Five Texas fans of Chick-fil-A have filed a lawsuit against the city of San Antonio for its decision to ban the chicken-centric chain from opening up shop in the local airport. In March, city council officials rejected the restaurant’s bid to open a new location in San Antonio International Airport due to the company’s alleged “legacy of anti-LGBTQ behavior.”
On Sept. 5, plaintiffs Patrick Von Dohlen, Brian Greco, Kevin Jason Khattar, Michael Knuffke and Daniel Petri filed suit against the city under S.B. 1978, otherwise known as the "Save Chick-fil-A Bill.”
Supporters of the bill argue that the provision, signed by Gov. Greg Abbott in June, defends the fast-food restaurant and protects religious freedoms, while opponents say it discriminates against the LGBTQ community.
The new law stops the government from taking unfavorable action against a business or person for contributing to religious organizations.
"The continued religious ban on Chick-fil-A by the San Antonio City Council has left citizens with no choice but to take this case to court," Jonathan Saenz, president of conservative group Texas Values Action said of the lawsuit in a statement on Monday, as per The Texas Tribune. "Any other vendor that tries to replace Chick-fil-A at the airport will be doing so under a major cloud of long and costly litigation with the city.”
In the lawsuit, the plaintiffs pushed for the court to declare that the city of San Antonio “violated and continues to violate” the law by banning Chick-fil-A from the San Antonio airport and issue an injunction to block the city and airport shop operator Paradies Lagardère from banning the chain at the air hub in the future. Furthermore, the plaintiffs also hope to issue another injunction to have a Chick-fil-A open at the airport and issue an order to stop the city from "taking any adverse action against Chick-fil-A or any other person or entity, which is based wholly or partly on that person or entity's support for religious organizations that oppose homosexual behavior” and receive attorney’s fees and other relief.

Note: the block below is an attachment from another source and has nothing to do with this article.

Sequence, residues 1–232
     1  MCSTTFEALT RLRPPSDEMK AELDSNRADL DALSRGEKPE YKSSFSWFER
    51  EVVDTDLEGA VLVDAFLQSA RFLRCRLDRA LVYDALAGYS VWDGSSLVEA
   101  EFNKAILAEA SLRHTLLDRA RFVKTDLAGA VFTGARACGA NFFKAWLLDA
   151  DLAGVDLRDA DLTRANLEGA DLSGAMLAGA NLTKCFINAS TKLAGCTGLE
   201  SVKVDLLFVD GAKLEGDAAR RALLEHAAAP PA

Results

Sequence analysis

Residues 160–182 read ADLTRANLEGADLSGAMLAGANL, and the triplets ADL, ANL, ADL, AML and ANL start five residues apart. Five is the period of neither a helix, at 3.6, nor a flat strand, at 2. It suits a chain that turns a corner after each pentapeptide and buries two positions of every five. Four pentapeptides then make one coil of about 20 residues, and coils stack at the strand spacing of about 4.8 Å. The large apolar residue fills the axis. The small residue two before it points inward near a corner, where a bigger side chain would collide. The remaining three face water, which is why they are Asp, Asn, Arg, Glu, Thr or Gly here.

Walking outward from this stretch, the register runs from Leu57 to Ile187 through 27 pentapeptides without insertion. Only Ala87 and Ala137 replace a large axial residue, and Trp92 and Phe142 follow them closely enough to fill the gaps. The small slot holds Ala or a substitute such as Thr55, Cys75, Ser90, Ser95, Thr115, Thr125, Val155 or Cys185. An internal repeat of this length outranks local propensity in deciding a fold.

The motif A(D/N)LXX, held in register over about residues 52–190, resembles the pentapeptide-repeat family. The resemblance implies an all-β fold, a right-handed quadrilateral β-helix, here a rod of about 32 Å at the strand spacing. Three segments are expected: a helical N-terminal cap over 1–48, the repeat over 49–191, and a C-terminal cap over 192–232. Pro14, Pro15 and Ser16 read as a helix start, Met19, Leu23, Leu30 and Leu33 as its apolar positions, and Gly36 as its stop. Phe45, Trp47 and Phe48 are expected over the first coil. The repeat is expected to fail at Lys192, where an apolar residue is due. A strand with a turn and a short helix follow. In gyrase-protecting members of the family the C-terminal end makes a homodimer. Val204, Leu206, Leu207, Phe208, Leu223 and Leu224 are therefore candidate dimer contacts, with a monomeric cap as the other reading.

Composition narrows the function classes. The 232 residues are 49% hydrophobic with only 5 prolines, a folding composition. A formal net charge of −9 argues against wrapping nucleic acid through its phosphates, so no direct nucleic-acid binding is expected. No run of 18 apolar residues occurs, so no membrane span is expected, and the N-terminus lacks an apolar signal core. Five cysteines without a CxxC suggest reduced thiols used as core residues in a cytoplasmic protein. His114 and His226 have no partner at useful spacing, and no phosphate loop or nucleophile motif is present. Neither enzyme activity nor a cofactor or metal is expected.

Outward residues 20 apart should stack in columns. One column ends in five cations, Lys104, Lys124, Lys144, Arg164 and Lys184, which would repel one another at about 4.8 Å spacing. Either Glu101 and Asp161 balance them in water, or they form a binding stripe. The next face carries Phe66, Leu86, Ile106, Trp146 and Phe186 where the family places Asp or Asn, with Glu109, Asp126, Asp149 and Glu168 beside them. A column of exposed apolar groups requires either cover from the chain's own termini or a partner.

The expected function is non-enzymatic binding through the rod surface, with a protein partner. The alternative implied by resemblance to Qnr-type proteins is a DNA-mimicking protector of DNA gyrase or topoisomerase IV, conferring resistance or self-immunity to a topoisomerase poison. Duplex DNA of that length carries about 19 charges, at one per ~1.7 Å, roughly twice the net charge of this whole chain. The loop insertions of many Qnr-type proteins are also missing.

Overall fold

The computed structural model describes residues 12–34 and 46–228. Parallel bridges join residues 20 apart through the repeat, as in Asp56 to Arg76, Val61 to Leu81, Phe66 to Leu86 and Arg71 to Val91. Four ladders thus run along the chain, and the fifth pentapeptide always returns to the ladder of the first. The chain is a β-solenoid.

In response, Laura Mayes, chief communications officer for the city of San Antonio, told the Tribune that the lawsuit "is an attempt by the plaintiffs to improperly use the court to advance their political agenda."
"Among the many weaknesses in their case, they are trying to rely on a law that did not exist when Council voted on the airport concessions contract," Mayes said. "We will seek a quick resolution from the Court.”
Reps for Chick-fil-A and the city of San Antonio were not immediately available to offer further comment.
In March, six members of the San Antonio City Council rejected the inclusion of Chick-fil-A from the new Food, Beverage and Retail Prime Concession Agreement for the local airport due to the company’s alleged “legacy of anti-LGBTQ behavior.”
“With this decision, the City Council reaffirmed the work our city has done to become a champion of equality and inclusion," Councilman Roberto Treviño said of the vote, as per News 4 San Antonio. "San Antonio is a city full of compassion, and we do not have room in our public facilities for a business with a legacy of anti-LGBTQ behavior."
"Everyone has a place here, and everyone should feel welcome when they walk through our airport," he continued.
The day before, Think Progress published tax documents revealing that in 2017, the Chick-fil-A Foundation gave over $1.8 million in charitable donations to some organizations that have come under scrutiny regarding their stance on LGBTQ issues.
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Over $1.65 million of that contribution was given to the Fellowship of Christian Athletes, which writes in an online “Statement of Faith” that it believes “marriage is exclusively the union of one man and one woman,” and believes “sexual intimacy” should only be expressed “within [that] context,” CBS News reports.
Responding to the news, a rep for Chick-fil-A offered Fox News the following statement on the story. “The press release issued by Councilmember Treviño was the first we heard of his motion and its approval by the San Antonio City Council. We agree with him that everyone is and should feel welcome at Chick-fil-A,” a spokesperson said. “We have a fundamental code of conduct at Chick-fil-A: Do unto others as you would have them do unto you.”
“We would still welcome the opportunity to have a thoughtful dialogue with the city council and plan to reach out to them. It’s unfortunate that mischaracterizations of our brand have led to decisions like this,” they continued.
“The sole focus of the Chick-fil-A Foundation is to support causes focused on youth and education. We are proud of the positive impact we are making in communities across America and have been transparent about our giving on our web site,” the restaurant rep concluded.
Days after the news of the San Antonio airport ban broke, Texas Attorney General Ken Paxton announced he was opening an investigation into the city's decision to exclude Chick-fil-A from the contract with the local air hub. In June, Paxton filed a petition in relation to the investigation "to compel the city to hand over documents related to its decision," according to the Free Beacon.
In recent headlines, on Friday, the grand opening of Chick-fil-A’s first international location in Toronto was met by a large protest Friday by LGBTQ activists, who argued that the chicken-centric chain owner’s historically antigay policies will clash with the culture of Canada's largest city.
Fox News’ Talia Kaplan and The Associated Press contributed to this report.